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Financial Shame: Let's Talk About It

When we think of relationships, we often forget about the one that can deeply affect the other important relationships in our lives: our relationship with money. It's complicated and often a mixed source of happiness, pleasure, anxiety, stress and freedom. You feel empowered when you're in a good financial situation and when things are less than ideal, you may feel like the world is crumbling before your eyes.

There are many reasons why our financial situations may be less than ideal, yet we all face the risk of falling in a downward spiral of shame and self-doubt. Money Coach Tammy Lally explains in her Tedx Talk, "Sometimes, our self-destruction and self-defeating financial behaviors are not driven by our rational, logical minds. They are a product of our subconscious belief systems, rooted in our childhoods and so deeply ingrained in us. They shape the way we deal with money our entire adult lives.”

Shame can have a paralyzing affect on our mental states and our daily lives. It can affect our self-esteem and impede our willingness to ask for help. Girl Boss, shares key realizations that can help you overcome the embarrassment, guilt or shame preventing you from taking action to improve your finances. 

1. Understand money is subjective: People react to numbers differently. $100,000 does not carry the same weight for every individual. Once you realize that numbers aren't inherently good or bad, it strips them of their power and lets you focus on the issue at hand.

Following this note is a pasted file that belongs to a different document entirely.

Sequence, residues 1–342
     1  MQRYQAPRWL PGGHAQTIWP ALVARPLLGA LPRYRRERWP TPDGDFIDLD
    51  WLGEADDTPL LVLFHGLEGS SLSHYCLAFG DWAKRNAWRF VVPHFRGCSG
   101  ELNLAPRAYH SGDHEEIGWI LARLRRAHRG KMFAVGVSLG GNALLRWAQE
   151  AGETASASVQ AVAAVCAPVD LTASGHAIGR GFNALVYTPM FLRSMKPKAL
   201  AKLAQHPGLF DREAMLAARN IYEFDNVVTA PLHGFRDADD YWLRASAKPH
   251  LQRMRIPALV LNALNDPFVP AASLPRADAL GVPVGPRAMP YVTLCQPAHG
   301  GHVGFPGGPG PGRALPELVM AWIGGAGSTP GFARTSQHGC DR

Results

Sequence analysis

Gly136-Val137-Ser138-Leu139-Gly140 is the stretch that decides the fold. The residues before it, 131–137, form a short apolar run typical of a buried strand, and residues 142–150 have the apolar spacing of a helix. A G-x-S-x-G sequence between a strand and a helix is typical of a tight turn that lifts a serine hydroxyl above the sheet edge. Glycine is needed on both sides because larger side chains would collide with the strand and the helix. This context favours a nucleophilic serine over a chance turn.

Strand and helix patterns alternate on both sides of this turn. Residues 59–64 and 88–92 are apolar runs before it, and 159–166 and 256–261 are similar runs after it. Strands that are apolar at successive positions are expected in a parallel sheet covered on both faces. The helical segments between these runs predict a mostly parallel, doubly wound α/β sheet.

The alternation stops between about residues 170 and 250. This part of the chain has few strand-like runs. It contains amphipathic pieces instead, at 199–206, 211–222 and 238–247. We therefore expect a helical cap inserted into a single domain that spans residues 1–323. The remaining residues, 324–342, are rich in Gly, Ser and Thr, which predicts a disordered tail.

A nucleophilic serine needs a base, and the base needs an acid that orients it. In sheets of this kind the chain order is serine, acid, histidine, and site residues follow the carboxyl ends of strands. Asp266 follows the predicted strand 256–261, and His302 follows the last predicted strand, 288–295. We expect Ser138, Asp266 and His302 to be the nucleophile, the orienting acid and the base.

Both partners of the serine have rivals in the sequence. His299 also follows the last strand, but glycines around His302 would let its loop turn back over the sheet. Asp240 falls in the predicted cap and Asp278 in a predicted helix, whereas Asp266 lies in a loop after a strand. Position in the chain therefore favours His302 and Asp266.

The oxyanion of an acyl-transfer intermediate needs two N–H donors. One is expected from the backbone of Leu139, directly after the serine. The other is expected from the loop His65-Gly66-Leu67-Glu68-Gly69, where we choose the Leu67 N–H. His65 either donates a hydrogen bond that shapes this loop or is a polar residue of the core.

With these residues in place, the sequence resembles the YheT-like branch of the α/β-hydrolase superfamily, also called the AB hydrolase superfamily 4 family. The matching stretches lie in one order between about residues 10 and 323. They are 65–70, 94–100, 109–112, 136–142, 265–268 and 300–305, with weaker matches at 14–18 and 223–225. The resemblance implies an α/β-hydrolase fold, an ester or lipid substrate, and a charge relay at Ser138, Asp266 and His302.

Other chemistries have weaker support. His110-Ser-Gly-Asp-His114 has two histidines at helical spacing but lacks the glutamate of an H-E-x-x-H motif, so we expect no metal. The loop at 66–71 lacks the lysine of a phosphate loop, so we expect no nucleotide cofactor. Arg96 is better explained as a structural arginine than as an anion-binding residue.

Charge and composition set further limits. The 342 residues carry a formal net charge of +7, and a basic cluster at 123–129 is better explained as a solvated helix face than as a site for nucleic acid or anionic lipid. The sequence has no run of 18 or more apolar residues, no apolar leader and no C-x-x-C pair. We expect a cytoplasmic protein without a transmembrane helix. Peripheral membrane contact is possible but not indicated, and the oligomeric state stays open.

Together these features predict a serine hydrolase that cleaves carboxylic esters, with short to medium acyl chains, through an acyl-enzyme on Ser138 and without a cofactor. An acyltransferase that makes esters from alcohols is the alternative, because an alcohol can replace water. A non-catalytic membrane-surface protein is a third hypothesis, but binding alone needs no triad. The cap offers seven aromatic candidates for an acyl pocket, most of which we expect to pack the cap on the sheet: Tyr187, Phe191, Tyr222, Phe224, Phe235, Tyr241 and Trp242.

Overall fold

2. Find out the root cause of your spending: Figure out the emotional attachments to your spending first, and then formulate your plan of action next. When you take an introspective look, spending and numbers are more easily within your control. 

3. Find people with whom you can honestly speak about your financial situation: Whether, it's an online forum or close friends, find people with whom you can discuss this seemingly terrifying topic. Once you let go of this fear, you'll be surprised how many bits of wisdom you can collect from them. 

4. Know when to ask for professional help: Fiduciary financial advisors have taken an oath to act in your best interest. If you're dealing with thousands of dollars, a professional CFP may be the wisest person to consult. 

5. Create your own money mantra: Rather than repeating self-deprecating phrases, write yourself a new story or tell yourself that your situation is not permanent. Positive affirmations go a long way and can reverse your psyche and help you get on the right path.

6. Reframe the 'crisis' as an opportunity: The past is the past and something you can't change. However, if you think of your situation as a learning opportunity and a chance to change your future, you can more easily start making progress one step at a time. Be kind yet firm to yourself in the process.